Ferrara unveils new hose at LSU Fire Academy to fight fires from 500 ft. away

Ferrara unveils new hose to fight fires from 500 ft. away
Source: WAFB
Source: WAFB
Source: Ferrara Fire Apparatus
Source: Ferrara Fire Apparatus

(WAFB) - Many in the industry are hoping a new piece of firefighting equipment will be the new standard for battling flames.

On Friday, January 27, Ferrara unveiled a pump at the LSU Fire Academy that's been four years in the making. This pump, developed by Ferrara Fire Apparatus and U.S. Fire Pump, will act as a backup water supply when fire departments are battling large fires or during emergency response situations. The pump connects to a water source, such as a lake or pond, then water is fed through several feet of hoses.

Ferrara says this type of water flow is good for fighting fires from a distance. It can shoot water from 500 feet away from a burning building, with a water flow of more than 16,000 gallons per minute.

"This is gonna' save a lot of lives, but not only that, from firefighting knock down capabilities. So ya' know, firemen can be away from the fire 'cause the stream is so far, so just the ability to actually fight a lot of fire," said Chris Ferrara, president and CEO of Ferrara Fire Apparatus.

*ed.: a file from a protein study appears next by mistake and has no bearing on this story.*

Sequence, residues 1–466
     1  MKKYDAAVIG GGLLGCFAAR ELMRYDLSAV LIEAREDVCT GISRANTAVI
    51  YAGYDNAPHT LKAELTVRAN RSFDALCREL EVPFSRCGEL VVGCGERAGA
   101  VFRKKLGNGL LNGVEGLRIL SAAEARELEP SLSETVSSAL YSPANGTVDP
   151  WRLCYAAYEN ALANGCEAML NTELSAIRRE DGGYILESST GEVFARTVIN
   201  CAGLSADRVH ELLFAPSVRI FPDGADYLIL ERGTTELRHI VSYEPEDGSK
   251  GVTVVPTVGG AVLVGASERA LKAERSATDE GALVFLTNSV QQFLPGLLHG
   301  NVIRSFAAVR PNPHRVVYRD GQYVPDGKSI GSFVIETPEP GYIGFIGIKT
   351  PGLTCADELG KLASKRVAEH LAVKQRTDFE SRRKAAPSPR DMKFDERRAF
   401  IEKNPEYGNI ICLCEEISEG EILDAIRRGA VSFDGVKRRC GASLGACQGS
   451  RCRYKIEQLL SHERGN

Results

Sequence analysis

The demonstration at LSU featured the new Deluge Monitor Truck, which was connected to a submersible pump unit and mobile pump unit. The submersible pump unit is connected to a water source, and the water is then pumped into the mobile pump, then fed to several hoses connected to the Deluge Monitor Truck.

According to the company, "Ferrara and U.S. Fire Pump have been expanding the limits of horsepower, pumps, and hoses to create high flow firefighting equipment that is being used by refineries and industrial facilities across the world."

Ferrara says this new technology will allow crews to fight fires from a safe distance and reduce injury to firefighters.

"Every firefighter has that potential to meet that day where you got to be that far back or need that much water," said Ryan Delatte of the St. John Fire Department.

This new pump comes at a price however. The cost is around $900,000.

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